The door is open for the first time in decades - keep kicking it!
Let's make that one of the first tasks of a newly independent Scotland.
Colin

people power said...

Colin's comment is seductive but misguided.

There is no obvious link between Scotland going independent and getting greater local democracy. Local devolution does not follow automatically from voting Yes to Scottish independence.

Local empowerment as in the departements of France and the lander of Germany does not require that Brittany, or Bavaria, become independent from Berlin or Paris.

Indeed all the evidence suggests that those in power in Holyrood are no more inclined to devolve to local level than the Westminster lot. Else why haven't they done so during the past decade?

It is a counsel of despair to say "anything is better than what we have at the moment". Colin's prescription risks leaving Scotland with the worst of all outcomes: a loss of the strategic, economic, financial commercial and other advantages that being part of the UK delivers in this globalised world, without any gains in terms of real devolved local democracy .... and with a thumping hangover in terms of the additional cost "overhead" involved in establishing all the apparatus of a new independent state and taking on all the obligations that go with that.

In the words of the well-known saying: "Be careful what you wish for....."

Only a Yes will do said...

@people power

There is a lot to read and digest with the referendum and you might well have missed this, but here is but one snippet from the SNP government re local government and communities. So yes, a Yes vote does indeed put us on the path to change

To quote from the government:

‘Independence will give us the power to embed the role of local authorities in a written constitution and consider the most appropriate responsibilities for local government and communities.’

See here for reference

The despair that you mention is on the part of yourself and fellow unionists in that all you can offer as an argument is fear.

Voting No in the referendum means staying as we are at best, but every likelihood of money from Westminster becoming tighter and the very services that we now enjoy in Scotland such as our NHS and education having to be cut.

It’s also likely that the continued freeze on spending in public services will have to continue for many years, we’ll lose jobs and have a very scaled down operation that I’m sure no one on either side of the fence really wants, but that is the reality for a government that doesn’t have full control of it’s budget. Only a Yes vote will change that

I don’t have a hackneyed saying to end on, but I would urge people to think about their future and Scotland’s future on the 18th September. A Yes vote is positive for everyone

Anonymous said...

People Power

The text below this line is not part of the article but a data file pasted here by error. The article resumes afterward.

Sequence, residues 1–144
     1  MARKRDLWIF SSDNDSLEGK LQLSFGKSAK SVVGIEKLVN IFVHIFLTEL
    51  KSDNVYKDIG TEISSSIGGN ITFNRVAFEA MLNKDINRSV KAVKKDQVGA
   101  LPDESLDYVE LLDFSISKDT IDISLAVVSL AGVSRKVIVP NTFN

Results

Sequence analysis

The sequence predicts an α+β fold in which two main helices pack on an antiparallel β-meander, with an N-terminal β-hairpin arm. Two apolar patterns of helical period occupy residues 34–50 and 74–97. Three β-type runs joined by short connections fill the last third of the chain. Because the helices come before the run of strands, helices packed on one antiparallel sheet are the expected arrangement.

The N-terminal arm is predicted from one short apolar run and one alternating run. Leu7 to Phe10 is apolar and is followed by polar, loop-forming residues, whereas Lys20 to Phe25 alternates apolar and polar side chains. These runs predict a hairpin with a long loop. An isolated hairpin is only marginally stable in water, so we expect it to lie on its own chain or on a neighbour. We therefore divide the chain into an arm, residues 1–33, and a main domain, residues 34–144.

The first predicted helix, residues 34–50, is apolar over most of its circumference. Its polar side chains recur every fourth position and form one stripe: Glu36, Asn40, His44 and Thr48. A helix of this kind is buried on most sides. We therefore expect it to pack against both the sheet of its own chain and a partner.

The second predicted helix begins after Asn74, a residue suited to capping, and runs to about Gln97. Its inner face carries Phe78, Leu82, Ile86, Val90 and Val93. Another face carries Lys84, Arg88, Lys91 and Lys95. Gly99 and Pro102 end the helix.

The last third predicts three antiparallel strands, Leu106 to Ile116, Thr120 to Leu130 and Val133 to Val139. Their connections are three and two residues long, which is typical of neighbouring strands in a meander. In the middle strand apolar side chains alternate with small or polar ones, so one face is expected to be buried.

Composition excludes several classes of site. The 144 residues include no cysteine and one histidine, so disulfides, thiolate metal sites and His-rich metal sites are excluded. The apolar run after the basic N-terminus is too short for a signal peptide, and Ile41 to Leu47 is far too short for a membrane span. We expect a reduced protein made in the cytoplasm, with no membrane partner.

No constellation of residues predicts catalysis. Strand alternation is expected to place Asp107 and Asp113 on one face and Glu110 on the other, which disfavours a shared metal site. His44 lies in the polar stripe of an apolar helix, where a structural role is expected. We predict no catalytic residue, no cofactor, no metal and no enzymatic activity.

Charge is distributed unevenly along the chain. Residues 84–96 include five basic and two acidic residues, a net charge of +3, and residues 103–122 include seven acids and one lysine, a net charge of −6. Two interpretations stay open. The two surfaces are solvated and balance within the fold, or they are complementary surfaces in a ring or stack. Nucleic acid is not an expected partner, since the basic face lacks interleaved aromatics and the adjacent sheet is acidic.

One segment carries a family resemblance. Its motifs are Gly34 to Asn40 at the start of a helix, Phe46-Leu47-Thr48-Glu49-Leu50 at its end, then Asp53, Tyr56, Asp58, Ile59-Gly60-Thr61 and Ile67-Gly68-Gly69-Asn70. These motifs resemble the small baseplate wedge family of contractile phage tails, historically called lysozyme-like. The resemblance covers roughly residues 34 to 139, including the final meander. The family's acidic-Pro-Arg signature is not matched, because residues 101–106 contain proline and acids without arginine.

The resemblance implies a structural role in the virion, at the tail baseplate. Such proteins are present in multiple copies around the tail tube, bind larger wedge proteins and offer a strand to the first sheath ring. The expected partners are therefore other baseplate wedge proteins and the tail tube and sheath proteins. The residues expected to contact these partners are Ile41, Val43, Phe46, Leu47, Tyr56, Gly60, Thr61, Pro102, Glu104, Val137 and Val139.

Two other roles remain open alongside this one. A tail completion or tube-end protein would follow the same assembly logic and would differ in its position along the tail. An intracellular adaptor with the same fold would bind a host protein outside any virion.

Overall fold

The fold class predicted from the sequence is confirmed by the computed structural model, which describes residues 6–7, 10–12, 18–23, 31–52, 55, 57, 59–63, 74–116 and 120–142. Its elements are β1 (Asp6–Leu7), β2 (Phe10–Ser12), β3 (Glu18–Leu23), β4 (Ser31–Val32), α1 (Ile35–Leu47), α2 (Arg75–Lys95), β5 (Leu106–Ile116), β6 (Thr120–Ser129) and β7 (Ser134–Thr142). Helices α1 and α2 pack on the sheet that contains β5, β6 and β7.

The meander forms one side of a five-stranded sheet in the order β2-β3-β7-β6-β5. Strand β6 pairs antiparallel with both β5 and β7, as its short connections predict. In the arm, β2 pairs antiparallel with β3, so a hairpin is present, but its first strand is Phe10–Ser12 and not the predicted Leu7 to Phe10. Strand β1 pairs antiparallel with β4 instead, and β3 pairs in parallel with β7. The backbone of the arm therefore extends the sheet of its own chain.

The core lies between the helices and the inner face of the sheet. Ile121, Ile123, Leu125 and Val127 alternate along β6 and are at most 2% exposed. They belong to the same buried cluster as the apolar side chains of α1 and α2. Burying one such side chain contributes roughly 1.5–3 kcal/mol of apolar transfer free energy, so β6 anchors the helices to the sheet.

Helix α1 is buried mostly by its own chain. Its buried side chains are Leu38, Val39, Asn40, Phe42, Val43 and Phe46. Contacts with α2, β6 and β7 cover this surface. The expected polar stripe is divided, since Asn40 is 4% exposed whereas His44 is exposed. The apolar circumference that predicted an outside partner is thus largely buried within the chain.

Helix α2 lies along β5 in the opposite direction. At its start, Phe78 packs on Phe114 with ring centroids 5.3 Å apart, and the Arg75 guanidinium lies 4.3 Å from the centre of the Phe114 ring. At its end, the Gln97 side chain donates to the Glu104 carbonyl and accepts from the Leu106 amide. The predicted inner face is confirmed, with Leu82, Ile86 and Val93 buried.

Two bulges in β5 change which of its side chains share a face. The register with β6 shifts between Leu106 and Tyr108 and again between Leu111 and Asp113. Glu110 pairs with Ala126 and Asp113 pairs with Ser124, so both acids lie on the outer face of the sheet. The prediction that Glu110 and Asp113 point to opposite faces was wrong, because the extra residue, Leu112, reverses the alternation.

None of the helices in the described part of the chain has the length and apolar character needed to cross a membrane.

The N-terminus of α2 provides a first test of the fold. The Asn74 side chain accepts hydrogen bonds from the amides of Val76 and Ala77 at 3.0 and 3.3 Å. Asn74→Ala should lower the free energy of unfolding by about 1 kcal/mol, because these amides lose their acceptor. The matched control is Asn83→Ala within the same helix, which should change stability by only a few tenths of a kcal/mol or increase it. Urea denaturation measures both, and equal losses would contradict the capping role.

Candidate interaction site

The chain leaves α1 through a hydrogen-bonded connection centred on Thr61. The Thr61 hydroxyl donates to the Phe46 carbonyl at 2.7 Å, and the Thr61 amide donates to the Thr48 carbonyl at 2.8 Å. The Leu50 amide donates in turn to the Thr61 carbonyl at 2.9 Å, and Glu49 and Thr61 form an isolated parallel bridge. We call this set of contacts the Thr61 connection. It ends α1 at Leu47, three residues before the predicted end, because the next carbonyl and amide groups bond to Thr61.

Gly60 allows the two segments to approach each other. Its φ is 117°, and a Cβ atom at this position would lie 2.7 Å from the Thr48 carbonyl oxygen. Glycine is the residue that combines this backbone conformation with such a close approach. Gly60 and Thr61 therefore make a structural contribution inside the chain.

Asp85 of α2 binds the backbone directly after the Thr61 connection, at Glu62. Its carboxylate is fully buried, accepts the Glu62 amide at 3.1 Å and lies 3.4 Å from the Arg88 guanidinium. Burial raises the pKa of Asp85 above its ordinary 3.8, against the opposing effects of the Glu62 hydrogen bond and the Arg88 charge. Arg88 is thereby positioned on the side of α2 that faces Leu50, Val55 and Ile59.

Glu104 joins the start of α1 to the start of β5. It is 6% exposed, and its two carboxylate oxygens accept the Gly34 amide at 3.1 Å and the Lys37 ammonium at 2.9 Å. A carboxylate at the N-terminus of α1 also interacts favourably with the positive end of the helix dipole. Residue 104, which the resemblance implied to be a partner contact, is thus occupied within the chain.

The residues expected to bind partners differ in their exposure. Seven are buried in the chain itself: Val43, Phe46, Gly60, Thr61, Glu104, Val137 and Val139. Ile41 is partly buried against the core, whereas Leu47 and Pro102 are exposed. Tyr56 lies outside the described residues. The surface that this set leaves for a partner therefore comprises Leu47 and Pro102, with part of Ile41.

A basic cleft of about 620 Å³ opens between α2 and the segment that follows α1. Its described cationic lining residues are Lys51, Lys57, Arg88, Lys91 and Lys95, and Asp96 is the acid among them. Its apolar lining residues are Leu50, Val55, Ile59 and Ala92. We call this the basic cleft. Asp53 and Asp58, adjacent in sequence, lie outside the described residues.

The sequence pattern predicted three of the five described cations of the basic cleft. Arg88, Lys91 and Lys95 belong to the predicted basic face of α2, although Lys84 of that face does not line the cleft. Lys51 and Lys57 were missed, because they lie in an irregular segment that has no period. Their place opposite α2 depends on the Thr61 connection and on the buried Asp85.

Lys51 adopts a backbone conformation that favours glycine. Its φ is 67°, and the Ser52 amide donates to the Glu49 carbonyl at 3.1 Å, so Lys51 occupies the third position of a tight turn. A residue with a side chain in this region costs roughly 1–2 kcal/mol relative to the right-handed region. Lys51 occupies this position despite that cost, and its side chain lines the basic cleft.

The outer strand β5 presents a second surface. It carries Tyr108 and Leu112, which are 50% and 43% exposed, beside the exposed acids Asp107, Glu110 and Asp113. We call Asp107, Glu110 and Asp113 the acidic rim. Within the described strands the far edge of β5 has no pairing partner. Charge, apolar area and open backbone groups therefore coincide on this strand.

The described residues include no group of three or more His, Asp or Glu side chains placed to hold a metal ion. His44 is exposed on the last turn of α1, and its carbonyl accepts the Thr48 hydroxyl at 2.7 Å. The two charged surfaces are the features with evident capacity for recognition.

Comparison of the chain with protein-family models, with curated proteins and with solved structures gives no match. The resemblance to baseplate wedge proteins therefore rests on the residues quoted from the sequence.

Seductive? Moi?
Nothing in life is a certainty - it comes down to a judgement at the end of the day - or on the 18th of September.
A simple choice about whether you believe that the people who live in Scotland are likely to be the ones who know most about and care most about Scotland's future; Or whether you believe that the good and benevolent people of Westminster and the City of London somehow know what is best for Scotland.
Just our children grow up and move on in the world as independent young adults, take risks and make a future for themselves, so Scotland. Self-determination is a normal and very desirable state of affairs. Are there any countries that have gained their independence - that now wish to lose it again?

You mention:
"a loss of the strategic" - err Trident and Illegal Warfare?
"economic" - err £1.4 Trillion debt and rising?
"financial commercial" - err burst banks and millionaire bankers, spivs and speculators and the largest unelected Chamber of Government aka the House of Lords - outside China?
"and other advantages that being part of the UK delivers" - err - sorry, as Nelson might have said - I see no advantages.
Back to Local Government Reform - the door is open. There is a growing body of opinion that we need to reinvent the old District Council boundaries. It will not happen overnight - so we need to be pragmatic and work creatively with the structures we do have currently. However, keep making the case - and get involved in COSLA's proposals. The major "lay" non-party political advocates for local government reform - such as Lesley Riddoch - are firmly on the "YES" side of the current debate.
Scotland can be a better place :-)
Colin

people power said...

@OnlyaYeswilldo

If the supporters of a united UK are indulging in the politics of fear, then the independence campaign is equally guilty of the politics of fantasy.

It's right and desirable to be optimistic. We all have hopes for the future, whatever our political position. But wishful thinking isn't enough: pragmatic judgment is also necessary.

Look carefully at that Scottish Government quote. They intend to ".... consider the most appropriate responsibilities for local government and communities". Yes, and what will Holyrood consider "appropriate"? More powers, or less? No prizes for guessing which is the more likely.

It's also true that a public spending freeze, job losses, and austerity will be "... the reality for a government that doesn't have full control of its budget.".